- The Washington Times - Sunday, February 10, 2008

EASTON, Md. (AP) — Juan Loaiza has seen his Spanish-speaking neighbors thrive on the Eastern Shore. A Hispanic grocery he started five years ago now has three neighbors catering to Spanish shoppers, not far from Easton’s downtown shopping district.

Mr. Loaiza and his neighbors are bringing big changes to the Eastern Shore — and immigration has become a flash point in crowded 1st Congressional District primary races that include nine candidates. In both parties, calls for immigration changes are a major topic.

A forum last month brought several immigration questions, with one voter describing immigration as “out of control.” A Republican candidate, state Sen. E.J. Pipkin, Eastern Maryland, sent out campaign ads showing two of his primary opponents and a Democratic politician wearing sombreros and describing them as the “Three Amigos” for what he perceives as their support for immigrants.

In a protracted race that started last summer with challengers criticizing incumbent Republican Rep. Wayne T. Gilchrest for his stance on the war, immigration seems to have eclipsed Iraq as a main topic among voters preparing to vote Tuesday.

“There are so many Mexicans living here, it’s like we’re the minority, white people are the minority,” said Samantha Cummings, 22, a waitress who works at a grill not far from Mr. Loaiza’s store.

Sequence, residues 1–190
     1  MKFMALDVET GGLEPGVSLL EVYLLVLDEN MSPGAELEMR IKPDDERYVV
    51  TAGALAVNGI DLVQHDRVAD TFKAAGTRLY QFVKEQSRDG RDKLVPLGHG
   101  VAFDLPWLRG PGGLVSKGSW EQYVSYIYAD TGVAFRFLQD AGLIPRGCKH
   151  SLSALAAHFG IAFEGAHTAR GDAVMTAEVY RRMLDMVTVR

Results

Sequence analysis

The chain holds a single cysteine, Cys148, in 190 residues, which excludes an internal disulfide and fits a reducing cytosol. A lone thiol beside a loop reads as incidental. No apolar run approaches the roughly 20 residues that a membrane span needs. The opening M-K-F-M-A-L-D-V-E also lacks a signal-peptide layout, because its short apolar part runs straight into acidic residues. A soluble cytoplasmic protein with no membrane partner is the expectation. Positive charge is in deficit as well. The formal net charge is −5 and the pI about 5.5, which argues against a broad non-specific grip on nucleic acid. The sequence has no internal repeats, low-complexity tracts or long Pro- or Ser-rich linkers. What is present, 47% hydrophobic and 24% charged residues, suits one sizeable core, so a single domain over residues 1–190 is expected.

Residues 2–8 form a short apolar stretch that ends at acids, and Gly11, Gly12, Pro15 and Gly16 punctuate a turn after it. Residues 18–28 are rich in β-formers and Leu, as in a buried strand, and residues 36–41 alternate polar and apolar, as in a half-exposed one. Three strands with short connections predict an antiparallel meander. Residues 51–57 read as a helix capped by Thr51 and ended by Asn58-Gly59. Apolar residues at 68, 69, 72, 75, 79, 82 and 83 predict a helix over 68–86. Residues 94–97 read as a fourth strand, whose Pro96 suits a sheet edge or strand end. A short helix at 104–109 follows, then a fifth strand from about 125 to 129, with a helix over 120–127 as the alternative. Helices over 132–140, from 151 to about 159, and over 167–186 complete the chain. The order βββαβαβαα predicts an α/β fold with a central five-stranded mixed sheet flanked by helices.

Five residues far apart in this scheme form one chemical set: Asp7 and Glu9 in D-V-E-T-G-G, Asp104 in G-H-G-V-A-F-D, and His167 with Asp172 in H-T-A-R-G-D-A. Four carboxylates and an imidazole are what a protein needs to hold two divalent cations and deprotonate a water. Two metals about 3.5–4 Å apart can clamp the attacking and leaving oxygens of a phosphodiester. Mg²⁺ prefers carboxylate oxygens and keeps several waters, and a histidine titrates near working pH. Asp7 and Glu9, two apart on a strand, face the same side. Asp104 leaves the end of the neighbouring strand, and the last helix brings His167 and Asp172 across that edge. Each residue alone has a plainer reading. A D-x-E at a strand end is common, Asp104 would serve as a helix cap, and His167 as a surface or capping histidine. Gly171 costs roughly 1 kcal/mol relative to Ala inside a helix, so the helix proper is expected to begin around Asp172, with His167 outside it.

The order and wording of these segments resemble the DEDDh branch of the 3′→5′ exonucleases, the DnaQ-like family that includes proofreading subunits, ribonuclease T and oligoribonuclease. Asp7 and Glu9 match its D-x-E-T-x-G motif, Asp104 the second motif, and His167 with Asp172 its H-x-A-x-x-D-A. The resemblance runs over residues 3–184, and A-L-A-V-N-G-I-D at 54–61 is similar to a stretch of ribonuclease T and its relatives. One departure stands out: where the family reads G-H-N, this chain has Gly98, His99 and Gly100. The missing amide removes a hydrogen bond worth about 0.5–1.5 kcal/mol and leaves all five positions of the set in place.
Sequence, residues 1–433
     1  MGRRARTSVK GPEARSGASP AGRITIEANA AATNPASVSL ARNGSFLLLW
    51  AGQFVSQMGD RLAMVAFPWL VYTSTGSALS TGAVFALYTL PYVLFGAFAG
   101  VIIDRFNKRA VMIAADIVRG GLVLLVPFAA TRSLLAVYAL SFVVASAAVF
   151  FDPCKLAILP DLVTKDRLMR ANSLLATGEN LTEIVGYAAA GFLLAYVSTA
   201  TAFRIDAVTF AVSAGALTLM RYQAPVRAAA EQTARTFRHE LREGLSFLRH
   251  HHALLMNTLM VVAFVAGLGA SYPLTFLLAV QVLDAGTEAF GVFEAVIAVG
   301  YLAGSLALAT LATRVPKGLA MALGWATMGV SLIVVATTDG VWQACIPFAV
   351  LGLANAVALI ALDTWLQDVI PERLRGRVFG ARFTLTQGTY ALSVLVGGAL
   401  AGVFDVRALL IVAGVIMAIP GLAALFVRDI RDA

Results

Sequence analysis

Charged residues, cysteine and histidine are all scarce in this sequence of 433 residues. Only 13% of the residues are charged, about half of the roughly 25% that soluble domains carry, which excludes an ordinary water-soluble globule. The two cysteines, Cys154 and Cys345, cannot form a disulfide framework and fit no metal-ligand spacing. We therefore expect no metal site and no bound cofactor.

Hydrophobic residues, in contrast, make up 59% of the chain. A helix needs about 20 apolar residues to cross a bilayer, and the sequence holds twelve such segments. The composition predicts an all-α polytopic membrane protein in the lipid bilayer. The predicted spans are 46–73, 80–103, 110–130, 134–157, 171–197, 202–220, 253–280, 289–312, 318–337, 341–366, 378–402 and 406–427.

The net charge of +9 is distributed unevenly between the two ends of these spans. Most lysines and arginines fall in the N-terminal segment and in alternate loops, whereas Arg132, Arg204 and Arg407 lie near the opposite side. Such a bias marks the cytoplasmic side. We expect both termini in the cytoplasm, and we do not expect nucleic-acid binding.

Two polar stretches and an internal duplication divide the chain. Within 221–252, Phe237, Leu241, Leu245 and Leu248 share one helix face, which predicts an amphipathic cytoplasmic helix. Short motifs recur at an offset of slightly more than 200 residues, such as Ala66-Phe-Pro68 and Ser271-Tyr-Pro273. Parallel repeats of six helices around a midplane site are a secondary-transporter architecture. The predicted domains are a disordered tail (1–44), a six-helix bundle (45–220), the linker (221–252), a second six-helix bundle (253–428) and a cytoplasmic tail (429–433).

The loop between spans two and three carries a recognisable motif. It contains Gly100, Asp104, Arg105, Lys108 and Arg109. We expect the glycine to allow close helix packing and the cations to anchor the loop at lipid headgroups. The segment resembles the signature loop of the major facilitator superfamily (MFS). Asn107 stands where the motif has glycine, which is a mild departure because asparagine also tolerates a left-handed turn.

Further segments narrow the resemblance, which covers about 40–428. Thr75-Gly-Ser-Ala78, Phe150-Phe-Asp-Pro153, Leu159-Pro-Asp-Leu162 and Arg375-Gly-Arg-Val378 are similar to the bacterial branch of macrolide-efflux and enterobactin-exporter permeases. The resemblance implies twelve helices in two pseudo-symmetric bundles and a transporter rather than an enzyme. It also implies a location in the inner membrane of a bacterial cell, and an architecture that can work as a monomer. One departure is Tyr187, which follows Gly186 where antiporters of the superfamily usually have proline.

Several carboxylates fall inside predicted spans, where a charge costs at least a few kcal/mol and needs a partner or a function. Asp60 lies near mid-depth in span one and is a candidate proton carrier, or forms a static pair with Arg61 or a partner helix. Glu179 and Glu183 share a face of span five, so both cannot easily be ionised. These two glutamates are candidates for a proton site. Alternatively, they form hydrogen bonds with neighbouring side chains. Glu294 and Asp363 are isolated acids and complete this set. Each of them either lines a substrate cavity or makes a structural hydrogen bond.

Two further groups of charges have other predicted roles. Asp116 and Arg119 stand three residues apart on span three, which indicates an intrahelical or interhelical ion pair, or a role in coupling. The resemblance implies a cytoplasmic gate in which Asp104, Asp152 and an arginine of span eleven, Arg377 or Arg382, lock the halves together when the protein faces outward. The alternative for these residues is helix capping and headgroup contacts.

Her discontent with the population change in her hometown is something several candidates in the primaries are working to address.

“There are a lot of people in both parties who feel immigration has gotten out of hand, and Congress hasn’t done anything to stop it,” said state Sen. Andrew P. Harris, Baltimore and Harford counties Republican, also challenging Mr. Gilchrest.

Mr. Pipkin said his opponents have been soft on illegal immigration.

“People look to Washington to secure our borders, and they’re disappointed,” he said. “If they’re not here legally, they shouldn’t stay.”

Mr. Gilchrest says he is working to ensure immigrants coming to his district are here legally. He met last week with federal immigration officials in Salisbury on how local police should deal with illegal aliens.

Mr. Gilchrest, a nine-term incumbent, said recently that immigrant workers are coming to the Eastern Shore to work low-paying seafood and poultry jobs that most natives no longer want and to build new homes or condos popping up across the region.

“In the last 10 years, the Delmarva Peninsula has been seen by developers the same way the peninsula of Florida was seen by developers in the 1950s,” he said. “You have a lot of developers coming in here, then they need a work force.”

The number of immigrants living on the Eastern Shore is not clear. Salisbury University sociologist Tim Dunn says the region’s immigrant population has had “steady” but “not spectacular” growth. The U.S. census surveys only one Eastern Shore county in the period between its 10-year nationwide reports.

The candidates are careful to point out that they don’t oppose legal immigrants or newcomers to the state. But with the “Three Amigos” ad and Mr. Pipkin and Mr. Harris sniping over who opposes illegal immigration more, racial overtones in the campaigns are hard to ignore.

“The difficulty with this issue is, sometimes this debate becomes a racial issue,” said Queen Anne’s County State’s Attorney Frank Kratovil, a Democrat candidate who has made illegal immigration a mainstay of his campaign. “Clearly, we’re a nation of immigrants, and we’ve got to make sure this debate doesn’t become one of keeping people out and a racial thing.”

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